Re: [PATCH] drivers/net: remove network drivers' last few uses ofIRQF_SAMPLE_RANDOM

From: Matt Mackall
Date: Sat May 17 2008 - 20:47:44 EST

On Fri, 2008-05-16 at 00:55 +0300, Adrian Bunk wrote:
> On Thu, May 15, 2008 at 09:07:52AM -0700, Brandeburg, Jesse wrote:
> > Alan Cox wrote:
> > > Chris Peterson <cpeterso@xxxxxxxxxxxx> wrote:
> > >> I know Jeff Garzik says he's not interested in an anti-entropy
> > >> pogrom for existing net drivers, but here is the patch if anyone
> > >> else is interested..? :)
> > >>
> > >> Only 12 net drivers are affected, the last of the
> > >> theoretically-exploitable network entropy.
> > >
> > > Looks fine to me. If Jeff doesn't want to touch them then send them
> > > direct to Andrew/Linus.
> > >
> > > A more interesting alternative might be to mark things like network
> > > drivers with a new flag say IRQF_SAMPLE_DUBIOUS so that users can be
> > > given a switch to enable/disable their use depending upon the
> > > environment.
> >
> > we've been hearing rumblings of big customers wanting (maybe requiring)
> > wired network drivers from Intel to advertise this flag. Jeff have you
> > heard of such?
> >
> > I think the argument is that a headless system (no keyboard/mouse, no
> > soundcard, probably no video) with a libata based driver and a network
> > driver without IRQF_SAMPLE_RANDOM has *no* sources of entropy. In this
> > case the argument is very strong for at least *some* source of entropy
> > from interrupts so that randomness can get some external input. Just
> > try rebuilding a kernel RPM over an ssh session and you'll see what I
> > mean.
> >
> > In short, I agree with Alan's IRQF_SAMPLE_DUBIOUS, and know of Linux
> > customers who also want the same.
> We have two random number interfaces:
> - /dev/random
> - /dev/urandom
> If a customer wants to get data from /dev/random although there's not
> enough entropy that's not a problem we can solve (we can only try to
> gather more real entropy if possible).
> If he can live with dubious data he can simply use /dev/urandom .
> If a customer wants to use /dev/random and demands to get dubious data
> there if nothing better is available fulfilling his wish only moves
> the security bug from his crappy application to the Linux kernel.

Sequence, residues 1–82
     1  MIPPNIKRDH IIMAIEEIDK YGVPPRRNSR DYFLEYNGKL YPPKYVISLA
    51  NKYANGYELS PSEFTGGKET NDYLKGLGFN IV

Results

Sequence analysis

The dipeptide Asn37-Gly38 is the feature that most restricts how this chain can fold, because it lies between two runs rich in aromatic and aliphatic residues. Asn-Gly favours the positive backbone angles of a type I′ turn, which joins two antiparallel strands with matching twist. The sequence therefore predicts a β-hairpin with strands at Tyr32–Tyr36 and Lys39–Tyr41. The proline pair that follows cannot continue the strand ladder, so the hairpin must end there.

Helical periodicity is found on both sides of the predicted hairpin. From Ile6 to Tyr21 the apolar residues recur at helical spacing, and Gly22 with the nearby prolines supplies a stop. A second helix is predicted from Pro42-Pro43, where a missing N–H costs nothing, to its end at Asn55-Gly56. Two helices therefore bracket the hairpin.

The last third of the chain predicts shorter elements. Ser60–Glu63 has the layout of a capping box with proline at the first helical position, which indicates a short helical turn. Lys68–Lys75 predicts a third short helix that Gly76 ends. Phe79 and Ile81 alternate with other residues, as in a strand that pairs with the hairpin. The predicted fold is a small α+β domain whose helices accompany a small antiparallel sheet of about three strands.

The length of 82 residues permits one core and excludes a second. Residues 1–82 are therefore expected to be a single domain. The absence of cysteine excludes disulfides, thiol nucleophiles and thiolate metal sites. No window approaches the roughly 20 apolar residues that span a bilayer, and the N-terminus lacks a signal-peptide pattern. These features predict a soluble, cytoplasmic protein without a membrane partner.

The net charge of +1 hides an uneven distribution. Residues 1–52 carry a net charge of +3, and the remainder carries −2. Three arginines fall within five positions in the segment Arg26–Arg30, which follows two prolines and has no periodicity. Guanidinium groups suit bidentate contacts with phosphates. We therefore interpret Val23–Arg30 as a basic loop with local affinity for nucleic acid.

> But what we could perhaps do with some kind of IRQF_SAMPLE_DUBIOUS would
> be to improve the quality of the data in /dev/urandom if there's not
> enough entropy available?
> I have seen embedded systems with zero entropy, and dubious entropy
> might there be better than no entropy at all.
> Or am I wrong on the latter?

There are two issues that people need to separate here:

- sampling noise
- estimating entropy in that noise

It certainly makes sense to sample network timing noise. It often does
not make sense to assume that there's any entropy in those timing
samples. For instance:

- our clock resolution may be low enough that an attacker can guess our
samples (ie it's simply HZ, very common in embedded land)
- the bus involved (ISA, peripheral bus, even slow PCI) may have the
same issue
- it may be heavily correlated with some other measurement (ie network
vs disk samples on file servers)

We currently assume that IRQF_SAMPLE_RANDOM means 'this is a completely
trusted unobservable entropy source' which is obviously wrong for
network devices but is right for some other classes of device.

I'd personally prefer to add a new interface, eg
add_network_randomness(), that internalized the wisdom of what to do
with network samples. Similarly, the various 'input'-like devices that
use SAMPLE_RANDOM should be switched to go through the 'input'

Mathematics is the supreme nostalgia of our time.

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